Seven technologies that are making the industrial revolution look like the introduction of the pitch fork
Just as the developed world was shaped by the industrial revolution — making the most significant and rapid change to almost every aspect of daily life as we know it — so our near future will be completely and radically changed by an imminent series of revolutions.
The advances in science and technology — and the way in which they feed into each other — create an ever increasingly rapid feedback loop that pushes us towards changes in society that we can barely imagine. Many give in to the temptation to sit back and wait for the impact to emerge; however — the gap in knowledge about these topics, and the breadth of their possibilities, creates a new socio-economic divide that will create a new super-class, or underclass. The more we know, the more we can shape how they impact each of us in society.
Let’s look at seven currently developing technological revolutions.
Artificial intelligence and robotics revolutions
Artificial intelligence (AI) and robotics will change the role and make up of the work force. Manual and intellectual labour has already begin to be gradually replaced by more efficient machines.
AI also functions as a base technology. Once we have AI working at a certain level it will enhance all other technologies and the way that they evolve, helping bring about other revolutions.
Media about the changing job market due to automation has proliferated recently. Yet it fails to recognise that this process has been going on for tens of thousands of years, ever since humans started using tools. Each tool (or technology) brought about more efficiency helping fewer people do more work. For a long time we still had enough work to keep most everyone busy.
As this process has sped up due to the scientific methodology, mechanical engineering and now computer engineering, we have reached a point where we have more people than work we need done. We also have an increasing amount of work done by fewer people. We will have to redesign our economy to meet this change.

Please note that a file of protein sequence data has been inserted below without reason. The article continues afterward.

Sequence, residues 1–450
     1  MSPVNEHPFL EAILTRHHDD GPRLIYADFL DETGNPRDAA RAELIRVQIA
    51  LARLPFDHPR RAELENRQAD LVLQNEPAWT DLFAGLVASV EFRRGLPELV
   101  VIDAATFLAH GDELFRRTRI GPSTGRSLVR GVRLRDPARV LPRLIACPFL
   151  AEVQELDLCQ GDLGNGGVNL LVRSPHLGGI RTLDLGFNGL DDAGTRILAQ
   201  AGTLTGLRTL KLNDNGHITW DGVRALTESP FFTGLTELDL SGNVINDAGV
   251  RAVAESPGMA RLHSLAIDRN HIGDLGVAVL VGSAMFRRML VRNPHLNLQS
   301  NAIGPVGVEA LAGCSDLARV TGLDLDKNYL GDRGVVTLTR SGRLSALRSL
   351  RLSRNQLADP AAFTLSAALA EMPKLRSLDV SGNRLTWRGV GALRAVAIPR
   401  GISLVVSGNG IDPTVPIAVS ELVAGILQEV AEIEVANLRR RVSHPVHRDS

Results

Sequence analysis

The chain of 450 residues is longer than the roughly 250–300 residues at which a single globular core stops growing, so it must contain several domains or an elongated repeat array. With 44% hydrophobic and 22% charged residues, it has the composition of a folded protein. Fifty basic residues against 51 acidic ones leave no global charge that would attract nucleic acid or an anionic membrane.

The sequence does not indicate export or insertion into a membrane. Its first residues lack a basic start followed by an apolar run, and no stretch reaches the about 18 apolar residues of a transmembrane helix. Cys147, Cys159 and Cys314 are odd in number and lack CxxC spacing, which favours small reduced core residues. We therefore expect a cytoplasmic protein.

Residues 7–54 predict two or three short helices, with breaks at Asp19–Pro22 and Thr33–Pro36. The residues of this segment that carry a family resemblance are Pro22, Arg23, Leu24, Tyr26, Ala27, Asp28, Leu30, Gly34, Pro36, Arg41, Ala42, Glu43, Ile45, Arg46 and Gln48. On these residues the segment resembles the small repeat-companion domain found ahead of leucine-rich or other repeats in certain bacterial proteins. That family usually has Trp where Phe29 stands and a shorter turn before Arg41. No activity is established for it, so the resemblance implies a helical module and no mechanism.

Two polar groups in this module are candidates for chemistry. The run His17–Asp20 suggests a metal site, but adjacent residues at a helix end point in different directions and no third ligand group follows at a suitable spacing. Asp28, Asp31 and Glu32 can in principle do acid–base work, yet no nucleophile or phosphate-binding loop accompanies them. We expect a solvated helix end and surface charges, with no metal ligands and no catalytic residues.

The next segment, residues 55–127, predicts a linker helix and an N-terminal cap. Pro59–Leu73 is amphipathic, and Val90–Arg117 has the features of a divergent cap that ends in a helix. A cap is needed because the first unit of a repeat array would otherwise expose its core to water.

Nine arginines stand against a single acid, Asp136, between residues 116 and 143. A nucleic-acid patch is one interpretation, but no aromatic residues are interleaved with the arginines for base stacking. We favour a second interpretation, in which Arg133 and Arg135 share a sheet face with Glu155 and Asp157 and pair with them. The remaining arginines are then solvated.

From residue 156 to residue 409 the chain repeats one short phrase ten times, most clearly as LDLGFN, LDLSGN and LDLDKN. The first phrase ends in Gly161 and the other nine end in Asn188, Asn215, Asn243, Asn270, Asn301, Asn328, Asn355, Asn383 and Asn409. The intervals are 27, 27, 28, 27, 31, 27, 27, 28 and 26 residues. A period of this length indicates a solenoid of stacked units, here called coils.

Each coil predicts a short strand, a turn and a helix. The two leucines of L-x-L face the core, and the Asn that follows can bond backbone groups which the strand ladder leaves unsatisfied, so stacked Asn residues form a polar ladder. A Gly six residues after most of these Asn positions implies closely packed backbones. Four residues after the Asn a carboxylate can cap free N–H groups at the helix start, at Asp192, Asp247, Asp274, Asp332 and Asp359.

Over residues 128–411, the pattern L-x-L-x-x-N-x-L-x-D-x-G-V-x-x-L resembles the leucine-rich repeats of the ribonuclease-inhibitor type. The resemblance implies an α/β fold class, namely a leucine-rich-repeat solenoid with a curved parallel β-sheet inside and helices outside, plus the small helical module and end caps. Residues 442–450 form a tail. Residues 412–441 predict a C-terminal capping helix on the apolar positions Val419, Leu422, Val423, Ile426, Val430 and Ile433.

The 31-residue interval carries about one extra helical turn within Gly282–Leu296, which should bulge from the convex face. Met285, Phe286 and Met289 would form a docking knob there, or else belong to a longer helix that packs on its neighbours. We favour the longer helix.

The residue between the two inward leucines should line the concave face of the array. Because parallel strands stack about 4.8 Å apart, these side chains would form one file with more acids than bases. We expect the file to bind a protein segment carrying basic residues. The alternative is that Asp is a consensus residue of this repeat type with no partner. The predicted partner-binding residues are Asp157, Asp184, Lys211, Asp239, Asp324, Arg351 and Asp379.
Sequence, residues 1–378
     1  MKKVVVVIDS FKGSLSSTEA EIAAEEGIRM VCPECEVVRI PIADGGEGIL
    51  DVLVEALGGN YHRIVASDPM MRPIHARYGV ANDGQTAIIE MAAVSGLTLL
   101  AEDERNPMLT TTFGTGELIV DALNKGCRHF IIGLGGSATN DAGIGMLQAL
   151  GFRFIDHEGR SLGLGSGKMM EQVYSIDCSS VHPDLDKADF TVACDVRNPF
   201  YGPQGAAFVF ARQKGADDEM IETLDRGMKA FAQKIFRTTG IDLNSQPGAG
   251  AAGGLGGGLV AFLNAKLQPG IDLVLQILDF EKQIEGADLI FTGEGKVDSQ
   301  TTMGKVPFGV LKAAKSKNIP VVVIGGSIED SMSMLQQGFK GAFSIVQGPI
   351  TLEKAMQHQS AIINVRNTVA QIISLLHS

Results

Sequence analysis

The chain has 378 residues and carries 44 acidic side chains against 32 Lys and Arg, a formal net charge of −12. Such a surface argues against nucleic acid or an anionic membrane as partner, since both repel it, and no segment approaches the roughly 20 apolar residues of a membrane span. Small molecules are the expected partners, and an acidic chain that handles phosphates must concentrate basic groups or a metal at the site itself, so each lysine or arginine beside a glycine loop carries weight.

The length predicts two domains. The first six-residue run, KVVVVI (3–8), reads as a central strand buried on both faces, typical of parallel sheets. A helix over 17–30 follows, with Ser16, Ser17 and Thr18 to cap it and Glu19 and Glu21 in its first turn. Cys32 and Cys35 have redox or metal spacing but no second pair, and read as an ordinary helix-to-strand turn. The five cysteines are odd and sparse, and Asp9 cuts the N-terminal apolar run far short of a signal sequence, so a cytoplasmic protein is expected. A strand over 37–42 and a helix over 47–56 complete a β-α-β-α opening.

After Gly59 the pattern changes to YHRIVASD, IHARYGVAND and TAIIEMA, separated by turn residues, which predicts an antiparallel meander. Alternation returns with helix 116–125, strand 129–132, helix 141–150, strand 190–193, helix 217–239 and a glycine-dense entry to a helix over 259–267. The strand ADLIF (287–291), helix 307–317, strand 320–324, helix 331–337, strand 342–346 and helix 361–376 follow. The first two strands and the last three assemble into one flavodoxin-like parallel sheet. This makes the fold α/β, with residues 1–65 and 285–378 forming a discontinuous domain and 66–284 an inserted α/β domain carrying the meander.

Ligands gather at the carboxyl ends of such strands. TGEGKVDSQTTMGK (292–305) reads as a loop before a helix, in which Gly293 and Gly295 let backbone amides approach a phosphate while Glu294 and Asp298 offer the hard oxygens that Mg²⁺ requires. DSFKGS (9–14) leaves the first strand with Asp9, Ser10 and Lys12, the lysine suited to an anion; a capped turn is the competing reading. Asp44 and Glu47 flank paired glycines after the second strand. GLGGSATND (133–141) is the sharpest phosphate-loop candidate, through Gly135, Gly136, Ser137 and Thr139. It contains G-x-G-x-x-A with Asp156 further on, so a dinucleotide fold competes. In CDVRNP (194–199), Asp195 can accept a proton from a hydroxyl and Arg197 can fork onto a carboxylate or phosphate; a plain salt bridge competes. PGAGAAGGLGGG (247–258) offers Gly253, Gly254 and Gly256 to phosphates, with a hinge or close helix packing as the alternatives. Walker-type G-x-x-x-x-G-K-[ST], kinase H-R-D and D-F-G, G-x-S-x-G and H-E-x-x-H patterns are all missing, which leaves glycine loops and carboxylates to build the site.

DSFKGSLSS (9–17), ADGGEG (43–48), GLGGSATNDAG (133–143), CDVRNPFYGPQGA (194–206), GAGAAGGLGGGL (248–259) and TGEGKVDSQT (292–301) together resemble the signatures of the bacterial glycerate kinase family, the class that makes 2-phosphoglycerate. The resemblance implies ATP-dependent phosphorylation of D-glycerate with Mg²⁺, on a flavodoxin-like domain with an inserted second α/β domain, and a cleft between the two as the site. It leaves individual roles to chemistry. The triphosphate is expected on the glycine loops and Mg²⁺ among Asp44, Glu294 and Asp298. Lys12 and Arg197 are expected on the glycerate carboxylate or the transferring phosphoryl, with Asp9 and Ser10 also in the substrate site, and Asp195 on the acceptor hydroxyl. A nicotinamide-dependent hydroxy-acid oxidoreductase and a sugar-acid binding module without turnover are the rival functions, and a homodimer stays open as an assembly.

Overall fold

Quantum computing revolution
We also have the revolution of quantum computing. Up to now, computing has improved in very small, incremental amounts. People like Ray Kurzweil have tracked this using Moore’s law showing that every 18 months computing doubles in power and halves in price.
As we head into the age of quantum computing, where we currently see breakthroughs, computing power will extend by orders of magnitude higher than that predicted by Moore’s law. This change will make Moore’s law seem quaint by comparison. A quantum computer can theoretically solve a problem that would take our fastest current computer a 10,000 years to compute in a matter of seconds.
Once again, quantum computing will enable a series of other revolutions to happen. For example: an AI running on a quantum computer can create much more powerful AIs, and that alone can change our entire world.
Genetics and biotech revolutions
The understanding of genetics across all species has redefined biology. The discovery of the CRISPR-Cas9 technology allows us to edit genomes as easily as we cut and paste text on a document. We’re already heading onto the second generation of this tech, just a couple short years after its introduction.
Genetics principal limitations come from processing power and analytical techniques, now helped by quantum computing and AI respectively. We’re exploring creating a programming language for life. This introduces the ability to design new life or edit existing life. This ability will allow us to create brand new plants, animals, microbes, and bacteria — from scratch. Whereas Jurassic Park revived dinosaurs from their fossilised genetic remains — this technology will enable you to design a whole new or vintage style dino.